Fresh Corn and Tomato Pie
It’s been a couple of weeks since my youngest headed off to college, and it’s become very apparent that tailoring my cooking portions down by a third is not going to be as easy as I first thought. Let’s discuss the fresh corn I purchased recently, shall we?
I bought four ears, restraining myself because they were 10 for a dollar. Sure, I could have purchased 10, and like an organized consumer, freeze most of it for later use. You should see my freezer.
No, I settled with the four ears knowing I’d be able to make a few recipes before we felt as if we were on corn overload. Bear in mind that each ear of corn produces more than one cup of kernels and that one serving is only 1/4 cup. Two recipes for two would mean 16 meals consisting of…
Sweet, crunchy, versatile corn that, when enjoyed in a nice pie made with homegrown tomatoes, won’t get stuck in your teeth.
Fresh Corn and Tomato Pie
3/4 c. whole grain organic pastry flour
3/4 c. all purpose flour
large pinch of kosher salt
1/2 tsp. coarsely ground pepper
1/3 c. extra virgin olive oil
5 T iced water
3 lg. eggs
1/2 c. evaporated milk
1/2 c. 0% fat Greek yogurt
1/3 c. shredded cheddar
2 roma tomatoes, sliced
1 c. fresh corn kernels
1/4 c. chopped cilantro
2 green onions, sliced
salt & pepper
Prepare the crust first by whisking flours, salt and pepper in a medium bowl. Pour the olive oil and cold water into the dry ingredients and stir just until moistened. Press into a disk, wrap with plastic and place in the fridge for at least 15 minutes.
Heat the oven to 400 degrees F. After the dough has chilled, roll it into an approximate 12-inch circle on a lightly floured surface, or between two sheets of plastic wrap. To blind bake, line a 9-inch pie pan with the dough, then with a piece of foil. Fill with dried beans, pasta, or other pie weights. Bake for about 20 minutes or until set. Remove the foil and pie weights and cool on a rack for about 10 minutes.
While the pie shell is cooling, mix eggs, milk, and yogurt in a bowl until well combined. Then sprinkle half of the cheese over the bottom of the pie shell. Next, layer half the tomatoes over the cheese. Add the corn, cilantro, and half the green onions. Season with salt and pepper and add the rest of the cheese. Layer on the remaining tomatoes, season again, and add the remaining onions. Carefully pour the milk mixture over the vegetables.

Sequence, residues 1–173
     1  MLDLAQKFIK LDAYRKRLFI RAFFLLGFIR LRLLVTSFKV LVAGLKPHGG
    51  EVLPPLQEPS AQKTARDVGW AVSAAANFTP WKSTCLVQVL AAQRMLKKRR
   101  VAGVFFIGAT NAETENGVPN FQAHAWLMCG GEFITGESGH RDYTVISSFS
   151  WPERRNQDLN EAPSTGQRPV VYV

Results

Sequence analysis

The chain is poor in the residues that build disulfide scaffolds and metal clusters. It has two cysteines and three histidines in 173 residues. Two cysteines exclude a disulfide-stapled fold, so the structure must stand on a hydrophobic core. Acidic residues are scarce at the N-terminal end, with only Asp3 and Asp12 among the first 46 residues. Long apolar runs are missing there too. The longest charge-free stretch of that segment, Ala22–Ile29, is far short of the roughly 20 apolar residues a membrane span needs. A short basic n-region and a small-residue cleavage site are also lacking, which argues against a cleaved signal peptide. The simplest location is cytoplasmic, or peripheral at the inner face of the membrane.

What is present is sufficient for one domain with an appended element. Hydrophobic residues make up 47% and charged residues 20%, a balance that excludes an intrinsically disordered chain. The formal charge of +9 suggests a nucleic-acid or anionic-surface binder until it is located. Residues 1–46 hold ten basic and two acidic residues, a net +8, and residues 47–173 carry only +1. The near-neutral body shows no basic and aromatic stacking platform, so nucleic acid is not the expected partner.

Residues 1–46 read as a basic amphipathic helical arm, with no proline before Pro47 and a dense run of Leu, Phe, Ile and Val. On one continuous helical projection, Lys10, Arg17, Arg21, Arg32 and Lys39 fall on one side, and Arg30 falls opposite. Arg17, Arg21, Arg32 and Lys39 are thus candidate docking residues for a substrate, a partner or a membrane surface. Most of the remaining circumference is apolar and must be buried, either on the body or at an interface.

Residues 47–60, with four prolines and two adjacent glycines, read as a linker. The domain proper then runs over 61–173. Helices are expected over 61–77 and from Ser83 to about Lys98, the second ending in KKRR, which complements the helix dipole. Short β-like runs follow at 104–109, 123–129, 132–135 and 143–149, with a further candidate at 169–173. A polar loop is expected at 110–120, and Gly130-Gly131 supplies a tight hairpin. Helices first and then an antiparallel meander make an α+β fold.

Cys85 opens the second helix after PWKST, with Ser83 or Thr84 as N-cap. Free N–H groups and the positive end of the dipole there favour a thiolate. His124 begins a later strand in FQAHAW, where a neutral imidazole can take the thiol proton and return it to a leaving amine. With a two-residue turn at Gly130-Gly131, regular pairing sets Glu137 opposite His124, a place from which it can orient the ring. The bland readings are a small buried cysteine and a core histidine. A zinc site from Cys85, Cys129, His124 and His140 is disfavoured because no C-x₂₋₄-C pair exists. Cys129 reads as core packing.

Bake for about 40 minutes or until center is set and surface is lightly browned.
- This recipe was adapted by one published in the August 2010 issue of Eating Well and that’s what we’ve been trying to do — eat well — as in be kind to our bodies.
- We enjoyed this for dinner and lunch for two days with maybe a breakfast thrown in for good measure. Thankfully, I was able to get one of my older sons to eat the last generous slice when he stopped by for a visit. Yes, I need to make a smaller pie.
- I guess I’ve been on a pie crust analysis kick lately, but this crust is excellent as well. The cracked pepper makes it interesting, and the olive oil is a nice healthy addition. The dough is very easy to work with, and the baked crust is firm, holding up quite well in spite of the moist filling.
- I was tempted to add prosciutto to this, but knew it wasn’t necessary — as in — do you really have to have meat in everything?
- I can think of so many other ways to adapt this with goat cheese, or feta instead of the cheddar. Or roasted green chilis. Bacon. You’re thinking it, aren’t you?
- If you resist the urge to add meat, this is quite the healthy, low calorie recipe.